If you don’t read much, beyond blogs and stuff, you’ll probably love my Extinction of Menai, Diary of a Witch-Doctor’s Writer-in-Residence, and a dozen other novels of that ilk, because they’re not yet published.
Welcome to my blog.
Kindle version of The Ghost of Sani Abacha. (Free on 26th July – see FREEBIES above)
A harassed servant plots his grim revenge (A History of Human Servitude)… Sheri puts a potential boyfriend to the test (Man Rating)… Phiri contends for his civil service career (The Fall of Phiri Bombai)…and a politician in his finest hour finds himself possessed by a begoggled demon (The Ghost of Sani Abacha)…26 stories of life and love in the aftermath of autocracy, delivered with wit and insight by one of Africa’s most incisive writers.
Kindle version of Diaries of a Dead African
Diaries of a Dead African is a novel comprising the three journals of an embattled farmer, Meme Jumai, and his two sons, Abel (failed writer) and Calama (aspiring conman). Meme Jumai quietly struggles to continue his dignified existence in his small African town of Ikerre-Oti. His wife’s desertion – and her self-imposed divorce settlement – conspires with a particularly bad harvest to bring him to a life crisis. His two sons have abandoned him and he is compelled to conquer his pride and test the robustness of his human relationships, with tragicomic consequences. Meme is obsessed with the fear of dying the death of a lizard: “a death without heritage, lying three or four days in…bed before [being] discovered, and even then, thrown away with hissing, with neither outcry nor mourning.” But as his crisis looms nearer, his options for avoiding his greatest fear becomes more and more limited…Following his father’s lynching, Calama returns home to Ikerre-Oti. His own downward spiral into want is stupendously truncated by the timely success of a con practised on the rich American, Billy Barber. His life becomes a fairy-tale, worlds apart from the nightmare that was his father’s life.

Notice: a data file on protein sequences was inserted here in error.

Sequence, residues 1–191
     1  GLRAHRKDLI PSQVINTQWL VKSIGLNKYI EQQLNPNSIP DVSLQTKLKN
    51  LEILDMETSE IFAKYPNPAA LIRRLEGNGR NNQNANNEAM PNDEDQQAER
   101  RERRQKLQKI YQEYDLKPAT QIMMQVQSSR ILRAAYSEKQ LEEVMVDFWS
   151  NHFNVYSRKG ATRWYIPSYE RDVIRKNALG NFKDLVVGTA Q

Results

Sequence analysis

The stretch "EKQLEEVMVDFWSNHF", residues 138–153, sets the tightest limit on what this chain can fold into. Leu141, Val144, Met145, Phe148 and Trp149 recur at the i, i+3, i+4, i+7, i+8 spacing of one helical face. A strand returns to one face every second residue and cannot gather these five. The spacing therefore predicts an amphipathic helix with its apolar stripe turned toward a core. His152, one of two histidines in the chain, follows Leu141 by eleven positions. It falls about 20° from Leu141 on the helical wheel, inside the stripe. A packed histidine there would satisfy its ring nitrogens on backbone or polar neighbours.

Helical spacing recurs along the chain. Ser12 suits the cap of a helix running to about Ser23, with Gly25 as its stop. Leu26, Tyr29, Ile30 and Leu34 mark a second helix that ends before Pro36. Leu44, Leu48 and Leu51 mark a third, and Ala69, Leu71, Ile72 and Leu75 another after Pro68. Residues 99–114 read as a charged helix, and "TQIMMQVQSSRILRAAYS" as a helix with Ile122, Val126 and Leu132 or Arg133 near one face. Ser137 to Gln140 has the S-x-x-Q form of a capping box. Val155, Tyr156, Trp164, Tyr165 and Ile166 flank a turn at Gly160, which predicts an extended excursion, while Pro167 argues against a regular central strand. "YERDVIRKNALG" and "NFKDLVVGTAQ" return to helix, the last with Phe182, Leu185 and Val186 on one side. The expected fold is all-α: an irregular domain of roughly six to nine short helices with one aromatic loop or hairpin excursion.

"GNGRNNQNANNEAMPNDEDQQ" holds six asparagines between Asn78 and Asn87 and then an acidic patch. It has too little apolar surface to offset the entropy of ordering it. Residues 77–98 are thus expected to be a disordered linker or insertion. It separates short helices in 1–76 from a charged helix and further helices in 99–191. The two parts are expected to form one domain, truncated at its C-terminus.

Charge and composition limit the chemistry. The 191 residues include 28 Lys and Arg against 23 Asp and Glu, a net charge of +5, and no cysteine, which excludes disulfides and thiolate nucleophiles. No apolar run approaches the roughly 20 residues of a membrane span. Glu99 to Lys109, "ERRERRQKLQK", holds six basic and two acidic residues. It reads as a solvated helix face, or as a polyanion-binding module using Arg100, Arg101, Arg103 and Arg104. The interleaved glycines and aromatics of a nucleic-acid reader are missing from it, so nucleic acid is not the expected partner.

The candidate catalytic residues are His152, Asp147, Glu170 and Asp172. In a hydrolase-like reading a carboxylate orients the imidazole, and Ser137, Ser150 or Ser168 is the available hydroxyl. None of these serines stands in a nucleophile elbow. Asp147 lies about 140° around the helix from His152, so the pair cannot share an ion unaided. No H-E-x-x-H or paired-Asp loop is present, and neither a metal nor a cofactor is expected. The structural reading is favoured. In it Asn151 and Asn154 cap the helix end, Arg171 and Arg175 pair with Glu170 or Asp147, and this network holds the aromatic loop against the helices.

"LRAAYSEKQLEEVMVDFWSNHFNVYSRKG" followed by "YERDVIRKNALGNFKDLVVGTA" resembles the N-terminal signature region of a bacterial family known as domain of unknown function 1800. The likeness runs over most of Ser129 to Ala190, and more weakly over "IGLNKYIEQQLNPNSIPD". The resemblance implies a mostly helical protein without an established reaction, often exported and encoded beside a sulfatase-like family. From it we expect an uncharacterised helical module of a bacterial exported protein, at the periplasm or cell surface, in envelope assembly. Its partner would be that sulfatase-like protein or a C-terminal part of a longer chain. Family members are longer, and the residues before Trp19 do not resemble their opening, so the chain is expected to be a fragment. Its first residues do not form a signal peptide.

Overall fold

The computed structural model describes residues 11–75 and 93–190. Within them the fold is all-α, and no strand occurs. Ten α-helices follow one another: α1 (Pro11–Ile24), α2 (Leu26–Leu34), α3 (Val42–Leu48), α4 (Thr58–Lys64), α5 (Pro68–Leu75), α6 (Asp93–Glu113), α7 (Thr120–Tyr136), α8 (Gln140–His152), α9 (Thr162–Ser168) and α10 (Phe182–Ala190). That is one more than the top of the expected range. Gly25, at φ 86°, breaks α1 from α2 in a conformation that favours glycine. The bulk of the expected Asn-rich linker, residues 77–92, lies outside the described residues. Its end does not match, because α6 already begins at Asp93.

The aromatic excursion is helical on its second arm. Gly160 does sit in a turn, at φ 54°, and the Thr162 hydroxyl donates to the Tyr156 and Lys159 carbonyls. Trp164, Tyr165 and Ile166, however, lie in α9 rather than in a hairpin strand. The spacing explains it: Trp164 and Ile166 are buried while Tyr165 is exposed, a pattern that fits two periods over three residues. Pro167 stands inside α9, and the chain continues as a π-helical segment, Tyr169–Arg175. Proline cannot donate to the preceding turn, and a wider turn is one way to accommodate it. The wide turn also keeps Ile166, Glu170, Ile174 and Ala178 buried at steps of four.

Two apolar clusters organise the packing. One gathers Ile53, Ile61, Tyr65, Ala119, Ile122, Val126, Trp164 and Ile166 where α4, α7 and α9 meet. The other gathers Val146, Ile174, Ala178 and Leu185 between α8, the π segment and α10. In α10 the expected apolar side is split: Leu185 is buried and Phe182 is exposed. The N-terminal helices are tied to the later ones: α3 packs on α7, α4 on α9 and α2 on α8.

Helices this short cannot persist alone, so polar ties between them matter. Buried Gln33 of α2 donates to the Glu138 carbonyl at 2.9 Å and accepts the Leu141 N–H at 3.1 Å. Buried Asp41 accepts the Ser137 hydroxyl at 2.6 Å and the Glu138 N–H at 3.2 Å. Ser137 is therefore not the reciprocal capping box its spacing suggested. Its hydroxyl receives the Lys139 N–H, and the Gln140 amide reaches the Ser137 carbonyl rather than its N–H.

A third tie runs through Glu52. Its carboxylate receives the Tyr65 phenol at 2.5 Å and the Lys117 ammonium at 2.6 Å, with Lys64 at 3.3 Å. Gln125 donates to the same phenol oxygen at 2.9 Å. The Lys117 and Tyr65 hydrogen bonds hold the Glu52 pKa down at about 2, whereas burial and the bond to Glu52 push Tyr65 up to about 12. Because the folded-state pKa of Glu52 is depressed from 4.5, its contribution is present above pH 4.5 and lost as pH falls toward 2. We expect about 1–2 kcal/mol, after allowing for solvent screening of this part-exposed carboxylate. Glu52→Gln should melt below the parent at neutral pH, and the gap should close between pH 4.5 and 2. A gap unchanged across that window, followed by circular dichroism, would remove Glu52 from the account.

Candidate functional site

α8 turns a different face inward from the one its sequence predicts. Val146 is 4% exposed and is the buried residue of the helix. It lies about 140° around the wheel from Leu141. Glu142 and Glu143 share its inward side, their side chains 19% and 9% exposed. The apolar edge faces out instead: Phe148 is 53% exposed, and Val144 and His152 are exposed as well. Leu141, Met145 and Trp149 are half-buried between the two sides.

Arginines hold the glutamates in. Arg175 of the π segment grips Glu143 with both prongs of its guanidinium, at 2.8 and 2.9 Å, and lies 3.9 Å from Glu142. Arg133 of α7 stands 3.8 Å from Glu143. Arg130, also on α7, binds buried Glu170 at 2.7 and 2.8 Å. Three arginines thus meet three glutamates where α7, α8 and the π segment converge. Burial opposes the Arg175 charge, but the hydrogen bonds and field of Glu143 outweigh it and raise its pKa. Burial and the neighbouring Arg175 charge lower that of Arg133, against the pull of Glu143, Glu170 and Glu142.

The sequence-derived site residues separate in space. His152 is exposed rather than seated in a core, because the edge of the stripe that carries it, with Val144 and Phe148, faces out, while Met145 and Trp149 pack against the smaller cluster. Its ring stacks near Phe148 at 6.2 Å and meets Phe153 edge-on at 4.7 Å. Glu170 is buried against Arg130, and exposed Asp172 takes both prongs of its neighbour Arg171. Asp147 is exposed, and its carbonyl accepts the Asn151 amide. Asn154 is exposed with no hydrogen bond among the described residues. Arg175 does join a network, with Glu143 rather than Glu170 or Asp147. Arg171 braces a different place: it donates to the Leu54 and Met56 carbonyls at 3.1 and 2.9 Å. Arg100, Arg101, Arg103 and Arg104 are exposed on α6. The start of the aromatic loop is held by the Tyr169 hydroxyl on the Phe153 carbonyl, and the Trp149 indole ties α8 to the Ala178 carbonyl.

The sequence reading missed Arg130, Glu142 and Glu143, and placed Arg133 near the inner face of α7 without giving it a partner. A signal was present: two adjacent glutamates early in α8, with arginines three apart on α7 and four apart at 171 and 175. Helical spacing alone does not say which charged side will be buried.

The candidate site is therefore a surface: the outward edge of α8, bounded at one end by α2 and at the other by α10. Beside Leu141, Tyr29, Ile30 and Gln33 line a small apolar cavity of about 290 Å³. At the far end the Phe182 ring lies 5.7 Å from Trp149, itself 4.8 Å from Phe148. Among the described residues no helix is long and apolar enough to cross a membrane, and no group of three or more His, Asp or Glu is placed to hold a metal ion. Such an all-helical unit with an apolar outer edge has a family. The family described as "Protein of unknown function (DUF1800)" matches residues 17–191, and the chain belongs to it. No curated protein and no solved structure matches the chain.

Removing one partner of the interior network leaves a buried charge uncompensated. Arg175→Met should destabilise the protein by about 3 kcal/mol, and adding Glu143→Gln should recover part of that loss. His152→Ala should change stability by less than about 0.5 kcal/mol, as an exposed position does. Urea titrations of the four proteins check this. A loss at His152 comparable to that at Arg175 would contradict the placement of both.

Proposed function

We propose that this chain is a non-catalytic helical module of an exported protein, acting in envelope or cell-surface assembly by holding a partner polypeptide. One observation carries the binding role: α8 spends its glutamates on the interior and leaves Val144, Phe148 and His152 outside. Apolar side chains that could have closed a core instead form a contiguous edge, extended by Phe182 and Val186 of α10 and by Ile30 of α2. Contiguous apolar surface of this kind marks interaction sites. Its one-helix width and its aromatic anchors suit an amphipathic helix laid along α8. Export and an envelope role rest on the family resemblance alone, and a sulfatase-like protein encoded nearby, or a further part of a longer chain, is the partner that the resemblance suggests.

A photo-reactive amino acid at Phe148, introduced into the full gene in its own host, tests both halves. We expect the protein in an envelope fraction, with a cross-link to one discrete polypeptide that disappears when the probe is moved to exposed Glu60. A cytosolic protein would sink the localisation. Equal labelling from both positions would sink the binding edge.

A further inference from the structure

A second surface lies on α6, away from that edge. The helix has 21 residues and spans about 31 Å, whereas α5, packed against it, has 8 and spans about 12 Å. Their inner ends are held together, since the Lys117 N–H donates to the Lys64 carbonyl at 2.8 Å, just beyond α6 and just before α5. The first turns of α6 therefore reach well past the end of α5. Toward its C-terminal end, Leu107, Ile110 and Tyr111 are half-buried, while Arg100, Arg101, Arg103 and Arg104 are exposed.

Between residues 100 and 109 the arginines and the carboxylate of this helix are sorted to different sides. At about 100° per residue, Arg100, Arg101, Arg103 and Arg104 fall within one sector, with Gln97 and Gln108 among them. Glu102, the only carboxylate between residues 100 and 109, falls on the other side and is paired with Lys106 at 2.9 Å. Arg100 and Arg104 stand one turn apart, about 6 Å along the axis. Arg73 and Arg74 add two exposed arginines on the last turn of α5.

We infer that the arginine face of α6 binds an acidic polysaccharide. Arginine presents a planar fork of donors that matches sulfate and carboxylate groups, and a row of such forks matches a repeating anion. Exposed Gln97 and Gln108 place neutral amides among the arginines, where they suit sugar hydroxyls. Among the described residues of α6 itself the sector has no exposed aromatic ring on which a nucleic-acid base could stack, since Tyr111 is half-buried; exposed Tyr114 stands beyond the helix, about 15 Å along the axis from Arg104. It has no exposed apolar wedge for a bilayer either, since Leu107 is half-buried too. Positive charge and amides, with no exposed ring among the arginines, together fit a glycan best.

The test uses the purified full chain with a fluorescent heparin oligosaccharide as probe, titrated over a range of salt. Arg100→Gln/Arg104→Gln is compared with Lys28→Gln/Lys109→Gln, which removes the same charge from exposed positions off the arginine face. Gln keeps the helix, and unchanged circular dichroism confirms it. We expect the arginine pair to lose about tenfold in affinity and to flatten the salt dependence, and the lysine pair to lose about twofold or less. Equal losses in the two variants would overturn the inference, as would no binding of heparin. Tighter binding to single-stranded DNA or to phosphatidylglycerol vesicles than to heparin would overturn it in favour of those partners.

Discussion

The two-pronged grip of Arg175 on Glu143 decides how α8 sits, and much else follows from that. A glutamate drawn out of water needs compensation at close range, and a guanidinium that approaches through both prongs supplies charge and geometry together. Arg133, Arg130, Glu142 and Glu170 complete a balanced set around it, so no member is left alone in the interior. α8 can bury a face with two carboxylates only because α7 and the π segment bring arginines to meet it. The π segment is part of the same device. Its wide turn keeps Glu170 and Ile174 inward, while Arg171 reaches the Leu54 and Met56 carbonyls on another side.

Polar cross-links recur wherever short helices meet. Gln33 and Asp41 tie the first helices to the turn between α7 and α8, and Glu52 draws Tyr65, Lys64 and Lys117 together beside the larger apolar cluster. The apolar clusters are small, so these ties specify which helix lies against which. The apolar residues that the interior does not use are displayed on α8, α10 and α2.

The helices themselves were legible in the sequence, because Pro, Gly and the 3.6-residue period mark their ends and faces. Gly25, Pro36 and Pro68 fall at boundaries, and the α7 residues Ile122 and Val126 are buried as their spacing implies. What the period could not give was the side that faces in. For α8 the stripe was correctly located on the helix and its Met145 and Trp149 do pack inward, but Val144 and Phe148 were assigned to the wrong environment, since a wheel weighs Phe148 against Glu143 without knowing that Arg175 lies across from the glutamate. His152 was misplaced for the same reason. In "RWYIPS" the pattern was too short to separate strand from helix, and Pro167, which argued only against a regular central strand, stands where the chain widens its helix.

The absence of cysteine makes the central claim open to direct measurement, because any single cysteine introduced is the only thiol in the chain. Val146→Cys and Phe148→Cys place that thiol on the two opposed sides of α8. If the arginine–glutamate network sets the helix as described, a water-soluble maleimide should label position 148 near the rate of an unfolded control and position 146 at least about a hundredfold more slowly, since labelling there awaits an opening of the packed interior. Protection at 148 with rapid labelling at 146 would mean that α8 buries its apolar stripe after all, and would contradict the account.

But when “the greatest secret in the Jumai household” outs, nothing, it seems, can keep his life on its happy rails. Abel had built his life on the simple ethic of fleeing discomfort and confrontation. With his father dying at 50 and his younger brother at 25, he has every incentive to stay on the run. Yet, he is heir to Calama’s illicit fortune and on the threshold of achieving his own publishing ambitions. How to outlive father and brother – without fleeing the very opportunities he had craved all his life…